Speaking of college hurlers, top 2008 pick Jeremy Bleich, a lefty out of Stanford who idolizes Andy Pettitte and profiles like a left-handed Ian Kennedy with more of a bulldog attitude, has been dominating in Hawaii, going 3-1 with a 2.05 ERA and 31 strikeouts against nine walks and a lone homer in 30 2/3 innings. Bleich should start the 2009 season in full-season ball, and, like fellow college arms Chamberlain and Kennedy, could move quickly toward the Yankee rotation.

Here, then, is a list of the Yankees’ top pitching talent under the age of 25, a list that doesn’t include such names as Alan Horne (who will be 26 in January and had a disastrous, injury-riddled 2008 season), Chase Wright (a lefty who will be 26 in February, but is coming off a solid year split between Double- and Triple-A after an unfortunate stint in the majors in 2007), Erick Hacker (the latest addition to the 40-man roster, he’ll be 26 in March and is coming off a strong Double-A season), Jason Jones (who turns 26 tomorrow, also looked good in Double-A Trenton last year and had two solid starts for Triple-A Scranton as well), Phil Coke (another 26-year-old who had a good year in Trenton last year then dominated in the major leagues in September after being moved into the bullpen), or Christian Garcia (a 23-year-old righty who can’t stay healthy, but spent last year with Tampa and pitched very well when he did):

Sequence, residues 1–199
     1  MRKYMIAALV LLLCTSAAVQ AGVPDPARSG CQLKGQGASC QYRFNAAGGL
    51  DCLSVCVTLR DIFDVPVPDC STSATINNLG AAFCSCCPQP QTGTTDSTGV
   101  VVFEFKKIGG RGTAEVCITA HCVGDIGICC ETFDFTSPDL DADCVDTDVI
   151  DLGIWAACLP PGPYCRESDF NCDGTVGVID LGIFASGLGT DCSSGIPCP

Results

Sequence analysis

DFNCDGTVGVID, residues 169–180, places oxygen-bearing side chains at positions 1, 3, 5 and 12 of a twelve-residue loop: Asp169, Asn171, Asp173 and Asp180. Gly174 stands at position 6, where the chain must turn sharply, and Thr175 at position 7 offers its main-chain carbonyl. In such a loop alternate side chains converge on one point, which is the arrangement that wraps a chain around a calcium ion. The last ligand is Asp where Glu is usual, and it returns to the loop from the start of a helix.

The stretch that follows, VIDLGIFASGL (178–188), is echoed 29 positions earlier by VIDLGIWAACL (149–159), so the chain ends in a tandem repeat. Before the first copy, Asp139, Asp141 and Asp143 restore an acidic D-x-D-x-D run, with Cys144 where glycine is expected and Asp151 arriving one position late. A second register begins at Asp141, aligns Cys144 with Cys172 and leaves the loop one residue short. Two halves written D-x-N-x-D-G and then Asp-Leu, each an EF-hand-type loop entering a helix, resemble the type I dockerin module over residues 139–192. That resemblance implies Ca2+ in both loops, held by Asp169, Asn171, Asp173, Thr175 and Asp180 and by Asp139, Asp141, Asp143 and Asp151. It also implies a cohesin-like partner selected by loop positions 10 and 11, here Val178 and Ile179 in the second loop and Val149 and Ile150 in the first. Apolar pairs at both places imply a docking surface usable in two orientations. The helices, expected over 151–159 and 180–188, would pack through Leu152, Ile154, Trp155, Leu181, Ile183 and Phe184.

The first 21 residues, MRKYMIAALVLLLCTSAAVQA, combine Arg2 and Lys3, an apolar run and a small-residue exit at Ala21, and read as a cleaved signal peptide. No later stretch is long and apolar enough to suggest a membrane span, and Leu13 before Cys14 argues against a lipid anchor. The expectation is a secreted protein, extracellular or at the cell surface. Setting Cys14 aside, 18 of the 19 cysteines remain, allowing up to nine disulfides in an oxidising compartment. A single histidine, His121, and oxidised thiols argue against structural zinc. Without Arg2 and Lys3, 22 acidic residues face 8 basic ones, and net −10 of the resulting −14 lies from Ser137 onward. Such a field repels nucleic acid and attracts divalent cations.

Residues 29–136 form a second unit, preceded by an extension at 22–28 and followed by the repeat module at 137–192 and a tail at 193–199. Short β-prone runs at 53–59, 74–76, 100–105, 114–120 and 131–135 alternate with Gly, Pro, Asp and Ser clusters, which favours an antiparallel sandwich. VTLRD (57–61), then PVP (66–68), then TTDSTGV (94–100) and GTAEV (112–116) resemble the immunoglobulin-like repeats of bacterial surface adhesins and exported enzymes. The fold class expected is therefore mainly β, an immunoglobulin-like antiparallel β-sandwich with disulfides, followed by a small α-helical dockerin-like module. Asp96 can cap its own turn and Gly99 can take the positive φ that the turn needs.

Pitcher Age 2008 Stats
Level ERA K/BB
Joba Chamberlain 23 MLB 2.76* 2.96*
Phil Hughes 22 AAA 5.90 3.44
Ian Kennedy 24 AAA 2.35 4.24
George Kontos 23 AA 3.68 2.67
Zach McAllister 21 A+ 1.83 4.77
Dellin Betances 21 A 3.67 2.29
Jairo Heredia 19 A 3.25 2.21
Jeremy Bleich (L) 21 HWB 2.05 3.44
Andrew Brackman 23 HWB 5.56 1.44

*as starter only

The one name on that list that I haven’t mentioned yet is George Kontos, another 2006 draft pick (fifth round) and a Northwestern product like current Yankee manager Joe Girardi. Kontos seems more on par with the Jason Joneses and Phil Cokes of the world, but he’s still just 23, has a 3.16 K/BB ratio in two and a half minor league seasons, and is within shouting distance of the major leagues. He bears watching, even if, on raw talent alone, he’s the least of the nine pitchers listed above.